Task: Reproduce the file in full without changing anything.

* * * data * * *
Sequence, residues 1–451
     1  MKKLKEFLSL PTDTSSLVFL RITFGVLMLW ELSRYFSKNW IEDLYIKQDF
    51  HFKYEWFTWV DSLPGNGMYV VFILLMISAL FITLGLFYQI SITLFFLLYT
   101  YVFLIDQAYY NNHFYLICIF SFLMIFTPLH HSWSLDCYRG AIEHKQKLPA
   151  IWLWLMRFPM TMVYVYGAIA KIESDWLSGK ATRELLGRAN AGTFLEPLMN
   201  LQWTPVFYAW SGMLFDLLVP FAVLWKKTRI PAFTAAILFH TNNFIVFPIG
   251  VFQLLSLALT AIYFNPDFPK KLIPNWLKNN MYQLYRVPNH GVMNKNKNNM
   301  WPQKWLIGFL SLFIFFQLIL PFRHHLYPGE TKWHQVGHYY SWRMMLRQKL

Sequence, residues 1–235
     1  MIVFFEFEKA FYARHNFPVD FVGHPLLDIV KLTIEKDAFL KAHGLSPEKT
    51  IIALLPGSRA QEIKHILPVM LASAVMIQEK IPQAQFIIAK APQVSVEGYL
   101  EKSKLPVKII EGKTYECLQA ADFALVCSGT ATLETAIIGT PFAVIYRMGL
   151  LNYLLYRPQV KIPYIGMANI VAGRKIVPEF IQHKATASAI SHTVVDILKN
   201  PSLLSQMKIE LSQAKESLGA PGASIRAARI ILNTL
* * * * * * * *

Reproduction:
Sequence, residues 1–451
     1  MKKLKEFLSL PTDTSSLVFL RITFGVLMLW ELSRYFSKNW IEDLYIKQDF
    51  HFKYEWFTWV DSLPGNGMYV VFILLMISAL FITLGLFYQI SITLFFLLYT
   101  YVFLIDQAYY NNHFYLICIF SFLMIFTPLH HSWSLDCYRG AIEHKQKLPA
   151  IWLWLMRFPM TMVYVYGAIA KIESDWLSGK ATRELLGRAN AGTFLEPLMN
   201  LQWTPVFYAW SGMLFDLLVP FAVLWKKTRI PAFTAAILFH TNNFIVFPIG
   251  VFQLLSLALT AIYFNPDFPK KLIPNWLKNN MYQLYRVPNH GVMNKNKNNM
   301  WPQKWLIGFL SLFIFFQLIL PFRHHLYPGE TKWHQVGHYY SWRMMLRQKL

Sequence, residues 1–235
     1  MIVFFEFEKA FYARHNFPVD FVGHPLLDIV KLTIEKDAFL KAHGLSPEKT
    51  IIALLPGSRA QEIKHILPVM LASAVMIQEK IPQAQFIIAK APQVSVEGYL
   101  EKSKLPVKII EGKTYECLQA ADFALVCSGT ATLETAIIGT PFAVIYRMGL
   151  LNYLLYRPQV KIPYIGMANI VAGRKIVPEF IQHKATASAI SHTVVDILKN
   201  PSLLSQMKIE LSQAKESLGA PGASIRAARI ILNTL